What Are the Common Criminal Cases in Massachusetts?
We handle some of the most common types of criminal cases in Massachusetts such as drunk driving cases, drug possession and drug sale offenses, and assault and battery. Usually, assault and battery involves a domestic situation between husband and wife or boyfriend and girlfriend.
What are the Top Misconceptions People Have About Being Arrested for a Crime?
Most people who are arrested think the arrest means it is over and they have no way out. They assume they need to plead guilty and throw themselves on the mercy of the court. However, fortunately for most people, police do make many mistakes and/or jump to many conclusions when they see something on the streets. At Contant Law our job is to analyze these situations and find defenses to these cases. More often than not, we can find a way to win the case or at least have the charges reduced. We are able to help our clients find a way out of the situation.
What are Some Common Ways in Which People May Unintentionally Incriminate Themselves?
Offering too much information is the number one way someone can incriminate themselves. Many people believe that just because they are encountering the police or have been arrested, they must speak with the police when questioned. Sometimes they try to talk their way out of the situation thinking that if they tell the police a particular story, they will be able to walk. However, the reality is that nothing they say is going to help them; and if they say nothing it can never be used against them. If you find yourself in an encounter with the police, the best advice is to refuse to answer any questions and request a lawyer. That way the you will not say anything to harm your case.
When Do Miranda Rights Come Into Play in a Criminal Case?
Miranda rights only apply when the person has been taken into custody and is subjected to some form of interrogation. However, custody does not only mean being arrested. In Massachusetts a person is in custody when a reasonable person would not feel free to leave without answering the officer’s questions. To determine whether the person is in “custody” requires examination of all the facts. We look at how the police interact with the person. Were they very aggressive or informal? Where did the interrogation take place? How long was the interaction? Did the police indicate that they suspected the person of committing a crime? Was the person arrested at the end of the encounter? It is a much different situation being in a locked interview room at a police station than having a casual encounter on the street. So, we must look at all the circumstances.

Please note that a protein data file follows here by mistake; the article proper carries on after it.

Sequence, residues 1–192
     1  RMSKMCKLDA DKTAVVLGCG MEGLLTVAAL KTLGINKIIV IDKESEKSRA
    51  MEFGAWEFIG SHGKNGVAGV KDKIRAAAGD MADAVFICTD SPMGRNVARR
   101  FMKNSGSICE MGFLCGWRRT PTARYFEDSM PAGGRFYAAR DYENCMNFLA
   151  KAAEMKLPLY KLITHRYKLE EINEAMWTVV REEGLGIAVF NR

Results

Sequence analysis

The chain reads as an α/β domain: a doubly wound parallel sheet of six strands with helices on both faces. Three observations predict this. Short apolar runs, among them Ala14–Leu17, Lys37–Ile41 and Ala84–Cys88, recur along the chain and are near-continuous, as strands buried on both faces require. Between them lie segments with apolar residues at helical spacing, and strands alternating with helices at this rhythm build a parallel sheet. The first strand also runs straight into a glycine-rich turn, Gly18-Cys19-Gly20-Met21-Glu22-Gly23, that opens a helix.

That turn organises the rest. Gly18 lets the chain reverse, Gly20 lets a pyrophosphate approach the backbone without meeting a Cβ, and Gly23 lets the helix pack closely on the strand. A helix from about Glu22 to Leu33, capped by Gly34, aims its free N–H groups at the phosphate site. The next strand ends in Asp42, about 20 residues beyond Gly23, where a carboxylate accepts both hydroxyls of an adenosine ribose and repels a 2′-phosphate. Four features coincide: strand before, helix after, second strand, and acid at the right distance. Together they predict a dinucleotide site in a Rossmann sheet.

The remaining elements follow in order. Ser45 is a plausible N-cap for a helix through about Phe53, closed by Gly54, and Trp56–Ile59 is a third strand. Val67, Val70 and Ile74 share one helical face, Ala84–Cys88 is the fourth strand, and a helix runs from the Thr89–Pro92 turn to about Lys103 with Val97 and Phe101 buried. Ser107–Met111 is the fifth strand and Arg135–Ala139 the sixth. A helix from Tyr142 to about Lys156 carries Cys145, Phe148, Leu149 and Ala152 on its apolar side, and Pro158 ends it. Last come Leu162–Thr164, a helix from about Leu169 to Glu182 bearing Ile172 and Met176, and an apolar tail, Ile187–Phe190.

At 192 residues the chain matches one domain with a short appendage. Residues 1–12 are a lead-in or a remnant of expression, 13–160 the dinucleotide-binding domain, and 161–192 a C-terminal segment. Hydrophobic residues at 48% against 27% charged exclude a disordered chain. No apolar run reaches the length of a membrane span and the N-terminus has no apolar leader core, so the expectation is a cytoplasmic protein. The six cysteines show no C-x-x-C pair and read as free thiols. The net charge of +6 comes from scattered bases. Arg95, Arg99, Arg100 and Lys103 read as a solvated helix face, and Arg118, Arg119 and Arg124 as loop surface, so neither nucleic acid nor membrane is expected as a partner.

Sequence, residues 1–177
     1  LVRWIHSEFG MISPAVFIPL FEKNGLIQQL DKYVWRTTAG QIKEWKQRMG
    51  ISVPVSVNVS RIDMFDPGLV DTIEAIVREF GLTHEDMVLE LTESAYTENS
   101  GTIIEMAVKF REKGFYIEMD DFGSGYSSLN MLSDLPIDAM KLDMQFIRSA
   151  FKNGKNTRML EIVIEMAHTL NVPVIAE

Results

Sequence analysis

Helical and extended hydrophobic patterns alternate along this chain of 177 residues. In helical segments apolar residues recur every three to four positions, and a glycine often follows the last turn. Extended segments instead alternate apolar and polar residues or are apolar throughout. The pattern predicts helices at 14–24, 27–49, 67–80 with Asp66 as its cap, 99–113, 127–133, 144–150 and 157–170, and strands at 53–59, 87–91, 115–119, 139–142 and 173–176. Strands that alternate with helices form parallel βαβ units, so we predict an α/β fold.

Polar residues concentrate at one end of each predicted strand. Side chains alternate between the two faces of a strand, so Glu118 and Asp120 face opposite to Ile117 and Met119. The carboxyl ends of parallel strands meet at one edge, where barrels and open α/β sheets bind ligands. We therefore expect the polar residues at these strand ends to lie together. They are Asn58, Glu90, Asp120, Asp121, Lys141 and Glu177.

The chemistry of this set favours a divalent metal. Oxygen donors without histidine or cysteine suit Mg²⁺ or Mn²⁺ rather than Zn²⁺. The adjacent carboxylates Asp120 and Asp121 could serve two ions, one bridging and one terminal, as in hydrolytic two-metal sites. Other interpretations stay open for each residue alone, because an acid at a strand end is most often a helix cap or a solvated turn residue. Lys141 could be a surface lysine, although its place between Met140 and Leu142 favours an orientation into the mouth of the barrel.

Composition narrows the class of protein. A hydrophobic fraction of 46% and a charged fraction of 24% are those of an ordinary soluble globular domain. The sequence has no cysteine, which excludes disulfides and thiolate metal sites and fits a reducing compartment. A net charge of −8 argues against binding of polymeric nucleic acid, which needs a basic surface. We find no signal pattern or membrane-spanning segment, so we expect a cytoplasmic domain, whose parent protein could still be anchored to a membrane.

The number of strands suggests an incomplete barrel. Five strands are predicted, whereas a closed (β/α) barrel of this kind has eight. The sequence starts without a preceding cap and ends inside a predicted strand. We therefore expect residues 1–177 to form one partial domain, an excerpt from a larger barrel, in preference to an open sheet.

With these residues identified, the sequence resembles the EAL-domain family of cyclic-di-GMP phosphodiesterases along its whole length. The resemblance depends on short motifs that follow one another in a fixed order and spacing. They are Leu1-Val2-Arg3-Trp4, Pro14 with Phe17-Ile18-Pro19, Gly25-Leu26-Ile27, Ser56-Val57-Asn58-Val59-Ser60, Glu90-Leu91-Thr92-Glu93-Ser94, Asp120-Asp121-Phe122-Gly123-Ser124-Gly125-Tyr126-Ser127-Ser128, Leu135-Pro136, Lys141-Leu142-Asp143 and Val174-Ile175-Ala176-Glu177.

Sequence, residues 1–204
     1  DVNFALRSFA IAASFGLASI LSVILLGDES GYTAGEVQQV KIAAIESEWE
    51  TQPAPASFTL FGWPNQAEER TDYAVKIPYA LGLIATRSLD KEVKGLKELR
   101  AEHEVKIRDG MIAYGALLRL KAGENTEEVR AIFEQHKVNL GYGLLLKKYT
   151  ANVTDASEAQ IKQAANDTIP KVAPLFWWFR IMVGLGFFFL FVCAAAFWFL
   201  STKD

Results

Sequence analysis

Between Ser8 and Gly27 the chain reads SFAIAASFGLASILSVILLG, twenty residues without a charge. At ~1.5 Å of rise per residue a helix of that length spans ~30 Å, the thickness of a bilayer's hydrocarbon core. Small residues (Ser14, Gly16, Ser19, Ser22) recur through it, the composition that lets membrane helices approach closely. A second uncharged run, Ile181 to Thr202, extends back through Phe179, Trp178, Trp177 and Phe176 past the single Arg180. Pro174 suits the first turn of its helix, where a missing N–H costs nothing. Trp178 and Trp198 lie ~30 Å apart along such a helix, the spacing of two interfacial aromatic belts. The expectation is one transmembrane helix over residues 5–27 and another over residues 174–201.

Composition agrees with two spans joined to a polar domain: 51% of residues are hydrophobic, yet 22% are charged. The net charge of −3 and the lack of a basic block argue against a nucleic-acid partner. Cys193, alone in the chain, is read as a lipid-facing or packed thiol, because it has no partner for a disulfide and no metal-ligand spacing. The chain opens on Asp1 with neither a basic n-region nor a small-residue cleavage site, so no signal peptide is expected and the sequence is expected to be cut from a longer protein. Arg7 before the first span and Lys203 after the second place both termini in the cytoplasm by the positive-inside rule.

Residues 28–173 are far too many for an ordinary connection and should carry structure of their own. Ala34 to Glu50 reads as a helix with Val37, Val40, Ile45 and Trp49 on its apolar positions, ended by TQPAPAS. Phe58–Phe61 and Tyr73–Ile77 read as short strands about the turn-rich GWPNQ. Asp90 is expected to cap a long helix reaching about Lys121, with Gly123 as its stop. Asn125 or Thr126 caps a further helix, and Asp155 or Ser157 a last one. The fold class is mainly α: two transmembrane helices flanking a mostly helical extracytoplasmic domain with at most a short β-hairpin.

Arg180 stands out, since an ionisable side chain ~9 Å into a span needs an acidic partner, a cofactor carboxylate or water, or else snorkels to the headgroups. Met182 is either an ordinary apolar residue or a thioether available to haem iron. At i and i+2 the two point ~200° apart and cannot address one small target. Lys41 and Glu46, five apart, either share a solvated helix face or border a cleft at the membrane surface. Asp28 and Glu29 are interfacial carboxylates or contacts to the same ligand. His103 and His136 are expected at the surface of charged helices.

The other consideration is whether there has been interrogation. Are they asking you questions? If the police are questioning you about a case, this constitutes interrogation. If the police are saying things out loud that are meant and designed to get you to say something, this can also be considered a form of interrogation.
People often come to us and say, “The police didn’t give me my Miranda Rights,” thinking this gives them a defense to the charges. However, unless they were subjected to questioning, police are not required to notify them of their Miranda Rights.
How Does Having a Clean Prior Record and Good Character Impact a Criminal Case?
Having a clean prior record and good character come into play in two ways. First, they offer a better chance to be released from custody with either no bail or a very small amount of bail while the case is pending prior to trial. They can also go a long way when it comes to negotiating a plea deal if there is not another good defense to the charges. The better a person’s character before the case the more it allows us to argue that this may have been just a one-time mistake that is unlikely to be repeated. This gives us greater negotiating power, both with the district attorney and the judge.